When Arthur Analts’ brother visited London he traced a smiley face through the condensation on Analts’ kitchen window. ‘After he’d gone back to Latvia, I got up to make breakfast and noticed the smiley face on the glass. I thought it was amazing that he was now in a different city but also still here, with me – in the kitchen,’ the Latvian-born industrial designer recalls.
The condensation inspired Analts to create a surface where messages would be fleeting. The result is a panel, more than two metres high, made of green glass to evoke Latvia’s forests, where rivulets of water gradually erase words left by visitors. Matter to Matter joins submissions from 40 countries and cities in this year’s London Design Biennale at Somerset House, all exploring one idea: ‘Emotional States’.
The theme feels appropriate at a moment when politics are fractious and emotionally charged. A vacuum of hard knowledge has been ‘filled by rumours, fantasy and guesswork’, writes Will Davies in his recent book Nervous States: How Feeling Took Over the World. ‘Some feelings have greater political potency than others. Feelings of nostalgia, resentment, anger and fear have disrupted the status quo,’ he adds.
Sir John Sorrell, president of the biennale, compares the event to the World Cup or Olympics – events whose global scope make them innately political. The inaugural biennale in 2016 was curated around the theme of ‘Utopia’. This year’s directive was to ‘investigate the important relationship between design, strong emotional responses and real social needs’. Analts’ piece won best design medal for its interpretation: the dripping microclimate is ‘reliant on advanced technology but also critiques the marks that these human interventions leave on nature’, Analts says.
Designers’ responses extend beyond space to the use of smell and touch, making for a show that can be delightfully sensuous. A room of scratch-and-sniff wallpaper recalls the egg tarts and roasted duck found in Hong Kong, whose name translates as ‘fragrant harbour’. An installation about cashmere production in Mongolia invites visitors to fondle a woolen cloud. A series of suspended domes emit scented smoke that recall designer Aisha Nasser Al-Sowaidi’s nostalgia for Doha, Qatar’s fast-changing capital. Less appealing is the scent of Switzerland’s submission, a vast petri dish containing bacteria from the room in which it sits.
The most memorable installation comes from Greece. Disobedience is a 17-metre long corridor that sits in Somerset House’s stately stone courtyard. Its interlinked skin of recycled plastic contracts and flexes with visitors’ movements, opening into a whalebone arch as they step inside. Taking inspiration from Greek myth and disobedient characters such as Prometheus and Antigone, designer Nassia Inglessis’ piece invites people to negotiate a passageway that feels like walking on water.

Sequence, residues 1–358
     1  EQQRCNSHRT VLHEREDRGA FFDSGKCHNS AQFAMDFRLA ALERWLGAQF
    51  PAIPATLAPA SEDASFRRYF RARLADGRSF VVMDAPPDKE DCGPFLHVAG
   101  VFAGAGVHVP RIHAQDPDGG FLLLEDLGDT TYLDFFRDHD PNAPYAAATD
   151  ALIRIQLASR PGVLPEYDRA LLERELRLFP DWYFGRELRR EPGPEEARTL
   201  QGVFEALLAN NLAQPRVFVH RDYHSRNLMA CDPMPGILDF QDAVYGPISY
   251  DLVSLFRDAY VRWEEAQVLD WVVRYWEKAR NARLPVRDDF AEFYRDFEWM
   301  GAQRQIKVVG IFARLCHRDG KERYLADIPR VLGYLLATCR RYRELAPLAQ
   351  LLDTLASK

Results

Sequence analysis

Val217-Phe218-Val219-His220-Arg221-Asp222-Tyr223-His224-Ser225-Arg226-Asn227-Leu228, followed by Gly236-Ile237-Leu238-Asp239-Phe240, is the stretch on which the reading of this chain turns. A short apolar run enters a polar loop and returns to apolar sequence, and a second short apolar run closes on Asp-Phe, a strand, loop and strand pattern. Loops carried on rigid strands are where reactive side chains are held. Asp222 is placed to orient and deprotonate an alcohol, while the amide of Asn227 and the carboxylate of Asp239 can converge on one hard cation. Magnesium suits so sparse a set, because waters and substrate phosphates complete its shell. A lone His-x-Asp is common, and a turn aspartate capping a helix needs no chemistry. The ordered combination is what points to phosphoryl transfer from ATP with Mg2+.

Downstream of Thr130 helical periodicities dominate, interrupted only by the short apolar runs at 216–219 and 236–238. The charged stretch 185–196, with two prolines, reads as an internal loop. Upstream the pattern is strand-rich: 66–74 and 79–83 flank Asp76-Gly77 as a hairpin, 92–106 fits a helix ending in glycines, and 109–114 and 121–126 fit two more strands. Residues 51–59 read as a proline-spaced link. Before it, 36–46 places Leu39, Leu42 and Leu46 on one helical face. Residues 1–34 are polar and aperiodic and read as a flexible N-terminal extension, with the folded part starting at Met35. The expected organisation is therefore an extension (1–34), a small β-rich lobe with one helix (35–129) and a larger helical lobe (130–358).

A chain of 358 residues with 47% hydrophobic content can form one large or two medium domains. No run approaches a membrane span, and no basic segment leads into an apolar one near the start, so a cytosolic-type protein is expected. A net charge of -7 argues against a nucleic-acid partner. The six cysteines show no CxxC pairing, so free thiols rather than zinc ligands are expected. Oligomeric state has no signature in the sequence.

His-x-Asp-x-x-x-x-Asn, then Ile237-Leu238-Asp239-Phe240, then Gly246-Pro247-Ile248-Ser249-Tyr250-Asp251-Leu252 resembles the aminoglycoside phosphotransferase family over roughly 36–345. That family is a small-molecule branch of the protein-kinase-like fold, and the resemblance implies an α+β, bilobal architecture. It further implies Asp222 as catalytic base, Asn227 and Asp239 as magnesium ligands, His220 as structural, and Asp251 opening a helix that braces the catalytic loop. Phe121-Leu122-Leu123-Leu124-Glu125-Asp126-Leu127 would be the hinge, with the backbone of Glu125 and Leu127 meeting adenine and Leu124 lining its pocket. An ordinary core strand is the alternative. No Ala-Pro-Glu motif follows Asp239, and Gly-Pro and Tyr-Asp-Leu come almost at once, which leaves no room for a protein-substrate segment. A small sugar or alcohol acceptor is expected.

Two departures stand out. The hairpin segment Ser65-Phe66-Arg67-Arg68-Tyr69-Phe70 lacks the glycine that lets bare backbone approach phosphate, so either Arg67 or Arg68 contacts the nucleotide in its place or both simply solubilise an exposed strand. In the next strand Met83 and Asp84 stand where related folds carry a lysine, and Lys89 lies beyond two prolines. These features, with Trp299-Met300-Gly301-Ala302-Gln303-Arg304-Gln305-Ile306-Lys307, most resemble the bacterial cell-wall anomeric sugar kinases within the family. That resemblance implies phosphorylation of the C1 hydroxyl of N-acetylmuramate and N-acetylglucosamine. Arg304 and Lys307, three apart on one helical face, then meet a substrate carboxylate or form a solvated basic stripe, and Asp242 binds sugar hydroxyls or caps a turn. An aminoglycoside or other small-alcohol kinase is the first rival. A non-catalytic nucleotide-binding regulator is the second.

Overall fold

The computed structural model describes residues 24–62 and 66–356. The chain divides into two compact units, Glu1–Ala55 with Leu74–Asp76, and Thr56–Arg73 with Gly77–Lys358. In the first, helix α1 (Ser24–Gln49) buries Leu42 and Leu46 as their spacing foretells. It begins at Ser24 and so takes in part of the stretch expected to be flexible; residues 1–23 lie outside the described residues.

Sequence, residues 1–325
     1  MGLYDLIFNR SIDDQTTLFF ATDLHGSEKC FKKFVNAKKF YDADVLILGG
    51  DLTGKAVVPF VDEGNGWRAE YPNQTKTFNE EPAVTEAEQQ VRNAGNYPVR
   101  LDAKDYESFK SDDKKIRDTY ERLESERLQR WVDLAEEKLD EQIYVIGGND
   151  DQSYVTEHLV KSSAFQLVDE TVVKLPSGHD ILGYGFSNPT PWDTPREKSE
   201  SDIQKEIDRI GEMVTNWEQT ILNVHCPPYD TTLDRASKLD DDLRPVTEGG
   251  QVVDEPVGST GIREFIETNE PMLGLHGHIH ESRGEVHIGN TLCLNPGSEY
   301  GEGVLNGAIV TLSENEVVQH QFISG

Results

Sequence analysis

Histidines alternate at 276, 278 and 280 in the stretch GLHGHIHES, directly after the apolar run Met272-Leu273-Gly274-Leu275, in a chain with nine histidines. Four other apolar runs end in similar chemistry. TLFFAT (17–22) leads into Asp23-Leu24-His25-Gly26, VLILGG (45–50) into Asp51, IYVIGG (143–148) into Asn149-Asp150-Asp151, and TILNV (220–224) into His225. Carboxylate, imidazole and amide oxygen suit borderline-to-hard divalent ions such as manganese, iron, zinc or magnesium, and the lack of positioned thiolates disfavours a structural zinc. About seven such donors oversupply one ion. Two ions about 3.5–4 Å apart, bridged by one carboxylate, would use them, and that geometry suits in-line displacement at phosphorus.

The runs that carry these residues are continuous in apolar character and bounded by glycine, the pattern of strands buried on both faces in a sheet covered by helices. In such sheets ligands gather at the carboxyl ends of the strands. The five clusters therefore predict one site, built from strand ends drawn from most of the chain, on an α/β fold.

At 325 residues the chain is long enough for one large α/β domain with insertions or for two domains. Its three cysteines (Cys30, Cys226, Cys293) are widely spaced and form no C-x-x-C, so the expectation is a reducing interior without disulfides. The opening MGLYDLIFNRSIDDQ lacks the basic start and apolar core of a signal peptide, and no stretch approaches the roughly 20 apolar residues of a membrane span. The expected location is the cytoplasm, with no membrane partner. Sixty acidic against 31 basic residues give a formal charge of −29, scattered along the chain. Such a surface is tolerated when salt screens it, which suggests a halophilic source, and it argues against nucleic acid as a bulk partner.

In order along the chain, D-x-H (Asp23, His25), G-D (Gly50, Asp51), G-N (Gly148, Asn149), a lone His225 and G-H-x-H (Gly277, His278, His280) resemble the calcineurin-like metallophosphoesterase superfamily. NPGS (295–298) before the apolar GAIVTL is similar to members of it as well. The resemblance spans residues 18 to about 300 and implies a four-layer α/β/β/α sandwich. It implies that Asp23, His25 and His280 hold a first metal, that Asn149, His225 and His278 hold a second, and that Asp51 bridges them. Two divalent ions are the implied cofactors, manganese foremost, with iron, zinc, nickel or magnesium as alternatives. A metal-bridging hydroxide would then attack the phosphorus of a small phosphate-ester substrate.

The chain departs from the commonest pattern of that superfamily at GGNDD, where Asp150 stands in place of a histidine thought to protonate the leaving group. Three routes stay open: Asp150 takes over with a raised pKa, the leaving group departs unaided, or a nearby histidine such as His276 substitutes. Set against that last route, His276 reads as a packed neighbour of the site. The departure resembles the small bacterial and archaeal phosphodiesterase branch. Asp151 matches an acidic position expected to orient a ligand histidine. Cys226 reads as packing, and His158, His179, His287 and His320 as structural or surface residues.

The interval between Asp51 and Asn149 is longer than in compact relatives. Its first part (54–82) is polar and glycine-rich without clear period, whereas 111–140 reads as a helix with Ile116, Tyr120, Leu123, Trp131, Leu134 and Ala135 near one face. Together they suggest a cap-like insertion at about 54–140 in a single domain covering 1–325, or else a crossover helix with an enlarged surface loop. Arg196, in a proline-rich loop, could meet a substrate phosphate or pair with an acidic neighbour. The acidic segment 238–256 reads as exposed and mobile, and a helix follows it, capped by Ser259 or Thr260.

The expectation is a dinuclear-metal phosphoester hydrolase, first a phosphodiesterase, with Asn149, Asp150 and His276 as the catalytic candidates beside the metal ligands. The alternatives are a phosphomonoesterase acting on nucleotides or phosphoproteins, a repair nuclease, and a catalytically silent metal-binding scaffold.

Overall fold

Other installations take aim at the erasure of cultural identities and histories. The UK’s entry from Forensic Architecture reveals the group’s ongoing collaboration in the Sinjar region of Iraq with Yazda, an NGO that works with the Yazidi Kurdish minority. Islamic State has destroyed Yazidi shrines in an effort to eradicate their culture. Curated by the V&A, the group’s aerial photographs, drone technology and video installations examine cutting-edge reconstruction methods and the emotions contained within physical landscapes.
Egypt’s submission, which was awarded most outstanding overall contribution, critiques the absence of design heritage in a country that has no design museum or archive. Curator Mohamed Elshahed has recreated a fictional 1939 exhibition staged by the editors of Al Emara, the first Arabic-language architecture magazine. Despite a brief period of cosmopolitan commentary in the 1950s, the magazine closed after its editor Sayed Karim fell out of political favour under an authoritarian regime. ‘Al Emara and Sayed Karim illustrate the vulnerability of design culture,’ writes Elshahed. Visitors walking around the installation unknowingly take part in its erasure, rubbing out Al Emara’s chalked title on the central carpet.
Curated memories also figure in Hungary’s submission. A Kiss in Budapest invites couples into a darkened box equipped with a green screen. In the LED monitor on its exterior they appear in front of Budapest’s tourist attractions, sharing a kiss. Digital narratives can be as powerful as those in real life – but, as the Hungarian Fashion and Design Team’s installation implies, technology is no replacement for the warmth of real encounters. Tech takes on a darker tone in Face Values, from the Cooper Hewitt, Smithsonian Design Museum who represent the United States. Phrenology diagrams appear alongside facial recognition software, indicating how biometrics can become technologies of oppression.
Yet the submissions also register optimism, and delight. In Australia’s Full Spectrum, designer Flynn Talbot suspends luminous fibre optic strands from a circle that surrounds visitors in technicolour. The inspiration for his piece came from Australia’s recent decision to legalise same-sex marriage; the same colours are found in Pride flags. Like many of the biennale’s eclectic installations, it shows how design can be a means to joy – and progress.
The London Design Biennale is at Somerset House until 23 September.